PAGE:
Dunnocks are never centre stage, but their call suggests they want to be noticed

If songbirds were fireworks, then the dunnock would be a sparkler.

It fills the lulls between the big bangs of the dawn chorus, and though its song fizzes with bright intensity, the fevered notes as high as the highest tune on a piccolo, and then some, it has a thin, faraway quality, as if it always came from the bush beyond. Prunella modularis is never centre stage, always whistling from the wings. Yet, as anyone who has learned about its bizarre menage-a-trois sex life knows, you need to watch the quiet ones.

The ageing limbs of an old willow at the waterside had long since begun the inexorable peeling-banana-skin collapse outwards that rends all abandoned pollards. It was in this tree that one dunnock had sung habitually through the dark dawns of February. But this morning it was wren o’clock and four, five, maybe a hundred birds were outshouting it – if the dunnock was even still at its perch. All around the willow, the wrens trilled with imperious invisibility from a broad and dense metre-high stand of the previous year’s willowherb.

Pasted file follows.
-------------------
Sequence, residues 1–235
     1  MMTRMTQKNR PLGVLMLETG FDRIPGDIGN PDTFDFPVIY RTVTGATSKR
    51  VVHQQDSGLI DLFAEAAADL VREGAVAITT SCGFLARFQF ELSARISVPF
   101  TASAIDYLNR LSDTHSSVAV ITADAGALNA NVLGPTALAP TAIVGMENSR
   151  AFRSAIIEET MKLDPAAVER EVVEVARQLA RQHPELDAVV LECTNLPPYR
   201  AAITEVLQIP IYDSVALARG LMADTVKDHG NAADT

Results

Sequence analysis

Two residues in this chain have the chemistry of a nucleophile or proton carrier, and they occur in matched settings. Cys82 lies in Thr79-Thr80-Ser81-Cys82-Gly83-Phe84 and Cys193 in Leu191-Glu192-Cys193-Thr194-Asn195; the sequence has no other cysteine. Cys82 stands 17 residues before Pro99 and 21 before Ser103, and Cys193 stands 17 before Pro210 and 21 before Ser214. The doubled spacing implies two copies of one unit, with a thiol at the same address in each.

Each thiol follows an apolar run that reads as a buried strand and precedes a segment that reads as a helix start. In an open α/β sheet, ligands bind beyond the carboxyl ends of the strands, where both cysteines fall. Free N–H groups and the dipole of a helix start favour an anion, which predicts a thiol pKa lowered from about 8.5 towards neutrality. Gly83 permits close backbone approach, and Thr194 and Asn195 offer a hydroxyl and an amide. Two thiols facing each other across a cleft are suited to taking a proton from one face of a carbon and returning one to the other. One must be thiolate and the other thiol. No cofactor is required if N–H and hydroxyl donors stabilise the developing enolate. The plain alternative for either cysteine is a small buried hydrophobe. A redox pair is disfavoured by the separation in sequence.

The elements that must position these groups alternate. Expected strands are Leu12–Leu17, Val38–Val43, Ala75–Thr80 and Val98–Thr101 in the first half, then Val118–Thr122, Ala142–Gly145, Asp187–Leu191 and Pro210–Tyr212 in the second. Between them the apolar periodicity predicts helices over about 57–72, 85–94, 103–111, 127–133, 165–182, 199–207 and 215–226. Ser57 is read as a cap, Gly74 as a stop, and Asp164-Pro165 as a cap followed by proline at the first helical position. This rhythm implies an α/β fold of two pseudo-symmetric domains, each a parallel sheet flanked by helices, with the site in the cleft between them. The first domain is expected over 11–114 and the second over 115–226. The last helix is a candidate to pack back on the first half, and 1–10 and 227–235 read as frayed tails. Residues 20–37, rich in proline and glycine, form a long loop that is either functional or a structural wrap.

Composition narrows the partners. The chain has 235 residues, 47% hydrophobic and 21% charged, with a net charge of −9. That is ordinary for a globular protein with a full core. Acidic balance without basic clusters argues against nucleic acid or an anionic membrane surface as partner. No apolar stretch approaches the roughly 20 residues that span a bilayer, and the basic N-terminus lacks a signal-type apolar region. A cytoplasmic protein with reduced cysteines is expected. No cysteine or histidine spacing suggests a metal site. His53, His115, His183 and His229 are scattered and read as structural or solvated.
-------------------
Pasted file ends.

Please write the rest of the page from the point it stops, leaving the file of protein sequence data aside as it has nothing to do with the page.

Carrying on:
A little farther down the riverbank of this flooded field, the wrens thinned out. A scatter of young alders poked out of shoulder-high vegetation, and a pair of blue tits were engaged in a love chase or a get-outta-my-face territorial pursuit, chirruping calls of delight or fury each time they landed or took off. And then came a brief unmistakable burst of dunnock song, a phrase just long enough that the bird might have been calling: “Can you see me?” It sang again. The same phrase, the same length. And again.

The faraway bird was...... continue reading on the Guardian

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